Hood Smoke mixes a bit of groove with pop music

SHARE Hood Smoke mixes a bit of groove with pop music



The thing about smoke is — when it clears, there’s a chance to see something for what it really is. In the case of groove-pop band Hood Smoke, it is the portrait of musician Bryan Doherty. The bandleader and accomplished bass player started the project — a mix of George Clinton and Sly &a the Family Stone with Aretha-style vocals — in Chicago in 2010 although, in reality, both should have been born years earlier.

“The music I like totally pre-dates me. Everybody has a laugh over it and jokes that I should have been around in the ‘70s,” Doherty says, blaming his parents’ record collection of The Beatles, Frank Zappa, Grateful Dead, James Brown, Herbie Hancock and Weather Report for the type of music he best relates to — “It has everything to do with who I am.”

Doherty is not a native Chicagoan; he grew up in the Milwaukee suburb of Glendale where he attended the Wisconsin Conservatory of Music at age 13. His family was supportive the entire way, a group of modest musicians themselves including a vocal aunt who introduced him to Brazilian music, and his father, an amateur drummer, who gave Doherty one of his prized possessions: a rare 1950s green sparkle Slingerland drumset. “My friends offer me money every time they come to my apartment,” he jokes.

In 2002, though, Doherty packed up the kit and everything else and moved to Chicago to attend Roosevelt University’s Chicago College of the Performing Arts. Here he met guitar teacher (and member of Kurt Elling’s band) John McLean, a particularly influential mentor who got Doherty his first gig at the old Velvet Lounge and has played alongside him in various projects “for years,” as well as Umphrey’s McGee drummer Kris Myers who Doherty now works with in the live EDM band Digital Tape Machine. The experiences culminated in opportunities to play with the Afro-Cuban band Orquesta Ranura, work with Chuchito Valdes on his 2009 Latin Grammy-nominated live album, and form his own eponymous and mostly instrumental Bryan Doherty Band, which had a release on the Origin Records label.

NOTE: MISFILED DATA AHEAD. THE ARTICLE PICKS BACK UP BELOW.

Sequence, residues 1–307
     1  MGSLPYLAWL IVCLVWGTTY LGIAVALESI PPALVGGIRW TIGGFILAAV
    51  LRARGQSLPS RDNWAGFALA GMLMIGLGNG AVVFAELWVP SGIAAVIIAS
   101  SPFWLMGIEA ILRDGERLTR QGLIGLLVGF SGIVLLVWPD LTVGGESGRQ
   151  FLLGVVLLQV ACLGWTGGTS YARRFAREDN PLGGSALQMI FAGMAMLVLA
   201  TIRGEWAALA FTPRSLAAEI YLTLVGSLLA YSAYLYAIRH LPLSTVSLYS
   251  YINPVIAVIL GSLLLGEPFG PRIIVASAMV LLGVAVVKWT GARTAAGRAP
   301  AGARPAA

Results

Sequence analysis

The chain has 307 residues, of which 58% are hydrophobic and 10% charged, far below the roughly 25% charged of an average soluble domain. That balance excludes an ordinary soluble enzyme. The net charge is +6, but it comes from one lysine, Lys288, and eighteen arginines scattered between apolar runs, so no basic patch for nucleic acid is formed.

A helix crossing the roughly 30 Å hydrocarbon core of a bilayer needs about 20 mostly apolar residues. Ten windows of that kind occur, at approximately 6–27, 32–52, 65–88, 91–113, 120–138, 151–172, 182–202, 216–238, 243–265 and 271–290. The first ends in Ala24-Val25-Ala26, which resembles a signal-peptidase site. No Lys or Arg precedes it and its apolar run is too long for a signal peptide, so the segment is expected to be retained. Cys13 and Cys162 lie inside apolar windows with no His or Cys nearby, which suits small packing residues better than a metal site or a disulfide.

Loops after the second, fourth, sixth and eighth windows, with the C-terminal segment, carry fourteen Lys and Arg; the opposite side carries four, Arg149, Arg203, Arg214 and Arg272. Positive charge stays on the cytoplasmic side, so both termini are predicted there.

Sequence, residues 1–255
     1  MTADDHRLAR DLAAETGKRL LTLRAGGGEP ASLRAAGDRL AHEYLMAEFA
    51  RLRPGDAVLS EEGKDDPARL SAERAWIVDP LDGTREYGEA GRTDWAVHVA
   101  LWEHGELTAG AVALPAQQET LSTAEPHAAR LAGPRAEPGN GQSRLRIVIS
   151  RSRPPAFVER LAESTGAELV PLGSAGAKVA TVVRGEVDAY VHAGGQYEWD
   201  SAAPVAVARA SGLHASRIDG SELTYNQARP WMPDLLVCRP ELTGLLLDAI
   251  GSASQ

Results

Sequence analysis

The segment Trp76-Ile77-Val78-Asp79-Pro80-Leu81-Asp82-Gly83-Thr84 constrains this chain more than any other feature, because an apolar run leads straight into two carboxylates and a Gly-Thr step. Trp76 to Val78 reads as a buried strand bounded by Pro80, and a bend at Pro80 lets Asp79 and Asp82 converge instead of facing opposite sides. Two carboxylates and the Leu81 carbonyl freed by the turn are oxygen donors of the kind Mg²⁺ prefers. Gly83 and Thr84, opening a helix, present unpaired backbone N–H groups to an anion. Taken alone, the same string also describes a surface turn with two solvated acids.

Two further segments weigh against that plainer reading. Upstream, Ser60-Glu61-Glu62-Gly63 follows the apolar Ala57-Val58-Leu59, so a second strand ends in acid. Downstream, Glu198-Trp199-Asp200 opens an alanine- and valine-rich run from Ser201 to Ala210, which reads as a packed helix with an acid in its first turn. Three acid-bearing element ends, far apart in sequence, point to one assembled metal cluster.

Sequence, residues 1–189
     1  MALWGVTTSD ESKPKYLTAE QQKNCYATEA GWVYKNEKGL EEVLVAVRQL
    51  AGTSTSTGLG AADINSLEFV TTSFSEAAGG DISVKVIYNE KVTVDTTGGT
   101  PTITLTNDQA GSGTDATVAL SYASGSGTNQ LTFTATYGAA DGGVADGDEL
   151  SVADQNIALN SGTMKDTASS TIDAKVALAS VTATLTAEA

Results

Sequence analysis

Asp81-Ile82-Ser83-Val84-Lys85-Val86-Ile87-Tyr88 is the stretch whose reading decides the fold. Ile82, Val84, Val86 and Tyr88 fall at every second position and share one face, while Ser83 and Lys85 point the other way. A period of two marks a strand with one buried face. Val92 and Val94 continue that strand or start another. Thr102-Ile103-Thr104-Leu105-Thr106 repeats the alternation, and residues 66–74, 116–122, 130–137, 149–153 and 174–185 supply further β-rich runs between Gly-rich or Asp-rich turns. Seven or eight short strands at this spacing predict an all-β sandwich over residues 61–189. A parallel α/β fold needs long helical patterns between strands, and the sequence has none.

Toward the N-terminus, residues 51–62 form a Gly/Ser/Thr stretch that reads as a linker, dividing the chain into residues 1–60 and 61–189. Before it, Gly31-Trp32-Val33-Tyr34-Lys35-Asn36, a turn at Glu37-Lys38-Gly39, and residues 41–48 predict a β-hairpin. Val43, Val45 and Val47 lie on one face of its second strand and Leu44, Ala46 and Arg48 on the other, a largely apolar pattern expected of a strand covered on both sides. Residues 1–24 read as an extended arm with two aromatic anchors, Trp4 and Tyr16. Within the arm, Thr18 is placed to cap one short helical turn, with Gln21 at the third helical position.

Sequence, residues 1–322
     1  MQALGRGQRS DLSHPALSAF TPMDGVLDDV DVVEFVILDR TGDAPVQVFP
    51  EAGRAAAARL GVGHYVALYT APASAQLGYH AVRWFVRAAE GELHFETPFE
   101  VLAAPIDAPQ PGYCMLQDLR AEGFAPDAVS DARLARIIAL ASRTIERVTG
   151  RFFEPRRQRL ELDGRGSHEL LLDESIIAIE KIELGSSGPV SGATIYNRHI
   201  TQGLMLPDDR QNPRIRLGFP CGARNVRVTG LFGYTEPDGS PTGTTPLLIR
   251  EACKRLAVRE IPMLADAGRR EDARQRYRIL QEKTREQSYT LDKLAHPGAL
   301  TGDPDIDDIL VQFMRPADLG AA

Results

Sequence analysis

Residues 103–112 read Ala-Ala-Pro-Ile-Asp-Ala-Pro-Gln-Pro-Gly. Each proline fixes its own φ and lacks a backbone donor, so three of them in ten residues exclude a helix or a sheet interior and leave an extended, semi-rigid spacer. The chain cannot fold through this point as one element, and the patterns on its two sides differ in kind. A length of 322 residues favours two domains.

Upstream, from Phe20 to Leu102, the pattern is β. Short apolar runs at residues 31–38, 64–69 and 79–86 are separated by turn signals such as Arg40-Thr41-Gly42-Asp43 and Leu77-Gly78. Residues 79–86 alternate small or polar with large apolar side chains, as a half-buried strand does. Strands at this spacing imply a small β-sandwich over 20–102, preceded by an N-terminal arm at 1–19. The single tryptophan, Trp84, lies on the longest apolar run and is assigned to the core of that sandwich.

But in all of that fortune, there was still a missing pearl. “I wanted to have a band that was more focused on songwriting with music that lends itself to having a good time and not just sitting down and being too intellectual,” says Doherty, “which can sometimes happen when you come from the jazz school.”

And thus Hood Smoke was born, recruiting members Chris Siebold (electric guitar), Rob Clearfield (keyboards), Michael Caskey (drums) and incendiary vocalist Sarah Marie Young, all of whom Doherty has known from previous bands or met through gigs or during courses at Roosevelt. The focal point being that “we want to make people move.”

The band played its first gig at Reggies several years ago and has since found footing in the summer festival circuit, with a marquee performance at Taste of Randolph in June. In July they released their second album “Regular Neurotic,” which follows the 2012 debut “Laid Up in Ordinary.” Although it still has that Rufus bent, Doherty compares the songs to the more modern repertoire of bands like Dirty Projectors or The Flaming Lips who are skilled at turning retro modern. “I think they take from the same place, with good timing and melody and something totally unique that makes the song not predictable but also not random.”

The dream, says Doherty, would be to follow in the footsteps of Dirty Projectors and work with his dream collaborator, David Byrne. Until then, there are shows to book, rehearsals to perfect and lots of trips to Doherty’s hangouts, Reckless Records and Dusty Groove, where he continues to build that collection.


“Regular Neurotic” Release Party

When: 10 p.m., September 12

Where: The Hideout, 1354 W. Wabansia

Tickets: $10

Info: (773) 227.4433; hideoutchicago.com

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